Planning the implementation of an injury prevention programme


(Photo: Steve CC BY-NC-ND 2.0)

I have invited Dr Alex Donaldson (follow him on Twitter @AlexDonaldson13), of the Australian Centre for Research into Injury in Sport and its Prevention, to share a little more about their new paper published open access in Injury Prevention: “We have the programme, what next? Planning the implementation of an injury prevention programme“.

The Translating Research into Injury Prevention Practice (TRIPP) framework, developed by Caroline Finch a decade ago, built on van Mechelen and colleagues’ ‘sequence of prevention’ for sports injuries. TRIPP highlighted the fact that only research that can, and will, be adopted by sports participants, their coaches and sporting bodies will prevent sports injuries. Stage 5 of TRIPP (‘Describe intervention context to inform implementation strategies) introduced the (then) novel idea of focusing research attention on understanding how the outcomes of efficacy research (TRIPP Stage 4) could be translated into interventions (policies, programmes, environmental or technical modifications) that could be actually implemented in the real-world context. This included developing an understanding of the best way to target and market evidence-based interventions to sport bodies and their participants.

However, implementing injury prevention programmes in the real-world is challenging and there is precious little information available in the scientific literature about how to transition from having an evidence-based intervention to getting that intervention widely, properly and sustainably implemented. As a consequence, most research remains in the early stages of these models/frameworks (i.e. describing the extent of the problem and identify causes or mechanisms of injury) which limits the potential for injuries to be prevented.

In a soon to be completed study investigating the factors that influence the translation of evidence-based injury prevention interventions into practice in community sport, I (as the project manager) found myself in the situation where my colleagues and I had:

What we then needed was an implementation plan for FootyFirst. The burning question was how can we ensure that the programme we had developed will be used and maintained for as long as it is needed by community-level Australian Football coaches and players?

Luckily for me, I had recently attended a short training course facilitated by Guy Parcel (then Dean Emeritus of the University Texas School of Public Health (Austin) on Intervention Mapping (IM). IM is a framework for health promotion intervention development underpinned by the notion that the impact of a health promotion (or injury prevention) programme is a function of the programme (its efficacy) and its implementation (whether people actually use it properly for sustained periods of time). IM is a six-step tool for planning and developing health promotion programmes. Like other programme planning frameworks, it starts with needs assessment and ends in evaluation. However, unlike other frameworks, it includes a step (Step 5) specifically focused on planning programme adoption, implementation and sustainability. IM Step 5 comprises seven tasks that are operationalised through six core processes (see Figure 1) and can be used independent of the other IM steps.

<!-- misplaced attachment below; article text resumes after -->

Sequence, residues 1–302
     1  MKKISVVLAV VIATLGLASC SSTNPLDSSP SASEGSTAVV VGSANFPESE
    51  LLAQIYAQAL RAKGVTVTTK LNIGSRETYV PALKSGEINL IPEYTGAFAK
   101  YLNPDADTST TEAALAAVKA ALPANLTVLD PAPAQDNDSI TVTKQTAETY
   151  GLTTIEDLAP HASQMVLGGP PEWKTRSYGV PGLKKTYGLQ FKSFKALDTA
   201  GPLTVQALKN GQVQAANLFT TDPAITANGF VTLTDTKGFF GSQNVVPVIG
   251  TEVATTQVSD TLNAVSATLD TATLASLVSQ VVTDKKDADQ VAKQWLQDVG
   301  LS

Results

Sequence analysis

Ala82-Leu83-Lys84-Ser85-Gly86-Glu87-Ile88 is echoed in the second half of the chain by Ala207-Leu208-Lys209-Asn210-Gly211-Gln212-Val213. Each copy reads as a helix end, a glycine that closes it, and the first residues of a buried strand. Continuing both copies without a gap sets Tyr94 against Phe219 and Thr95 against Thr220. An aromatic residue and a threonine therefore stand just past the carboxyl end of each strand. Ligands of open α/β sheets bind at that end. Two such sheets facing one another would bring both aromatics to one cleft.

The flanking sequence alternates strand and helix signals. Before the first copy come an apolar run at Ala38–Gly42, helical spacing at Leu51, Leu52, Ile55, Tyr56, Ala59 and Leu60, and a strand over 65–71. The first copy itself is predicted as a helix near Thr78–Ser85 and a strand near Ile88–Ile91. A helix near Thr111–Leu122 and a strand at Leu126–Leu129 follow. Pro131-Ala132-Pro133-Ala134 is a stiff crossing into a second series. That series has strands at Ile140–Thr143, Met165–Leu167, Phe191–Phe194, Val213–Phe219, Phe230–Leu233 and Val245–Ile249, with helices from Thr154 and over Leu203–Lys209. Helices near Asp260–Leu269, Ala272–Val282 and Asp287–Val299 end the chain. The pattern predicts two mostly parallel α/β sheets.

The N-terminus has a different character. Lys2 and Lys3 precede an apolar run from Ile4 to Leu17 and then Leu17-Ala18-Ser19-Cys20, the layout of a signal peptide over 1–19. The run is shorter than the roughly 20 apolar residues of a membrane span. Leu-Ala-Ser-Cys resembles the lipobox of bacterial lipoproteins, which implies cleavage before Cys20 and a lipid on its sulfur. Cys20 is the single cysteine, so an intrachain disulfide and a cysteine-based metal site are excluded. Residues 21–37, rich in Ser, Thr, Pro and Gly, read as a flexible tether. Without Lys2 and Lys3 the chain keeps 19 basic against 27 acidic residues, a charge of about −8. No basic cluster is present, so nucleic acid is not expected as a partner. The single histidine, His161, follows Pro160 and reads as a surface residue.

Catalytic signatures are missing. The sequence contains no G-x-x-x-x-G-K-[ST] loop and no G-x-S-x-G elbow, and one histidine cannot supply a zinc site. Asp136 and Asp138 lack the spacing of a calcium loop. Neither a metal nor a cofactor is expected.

The thing I found particularly useful about IM Step 5 was that it helped me to focus my attention on answering some key questions during the FootyFirst implementation planning process including:

  1. Who will decide to use FootyFirst and who will deliver it to the players?
  2. How can we involve the delivers (coaches) and participants (players) in developing the implementation plan for FootyFirst?
  3. What do community-AF coaches actually need to do to adopt and implement FootyFirst?
  4. What is likely to influence whether coaches adopt and implement FootyFirst?
  5. What needs to change for coaches to adopt and implement FootyFirst?
  6. What strategies could be used to help, support or encourage coaches to achieve the identified changes?
  7. Why do we think a particular implementation strategy is likely to work – what is the evidence or theoretical underpinnings for the selected strategy?

Programme effects have been shown to be up to three times higher when programmes are well implemented. If your target audience doesn’t know about your programme, use it properly and use it for a sustained period of time, it is unlikely your injury prevention programme will achieve the holy grail of ‘making a difference in the real-world’. For me, using IM Step 5 helped to ensure that our programme implementation planning process was:

  • based on a partnership between health promotion, implementation science, and injury prevention researchers, and community sports administrators and coaches;
  • informed by behaviour change theory, implementation science frameworks and published evidence about effective implementation strategies for safety programmes in community sport; and
  • supplemented with in-depth knowledge of the implementation context and input from the programme end-users.

This in turn enabled us to develop an implementation plan specifically designed to bridge the gap between research (top-down) and community (bottom-up) driven programme implementation processes.

Our experience demonstrates the critical importance of researchers, practitioners and community end-users collaborating early in the implementation planning process underpinned by a mutual respect for the knowledge, skills and experience that these different groups bring to the implementation planning process.



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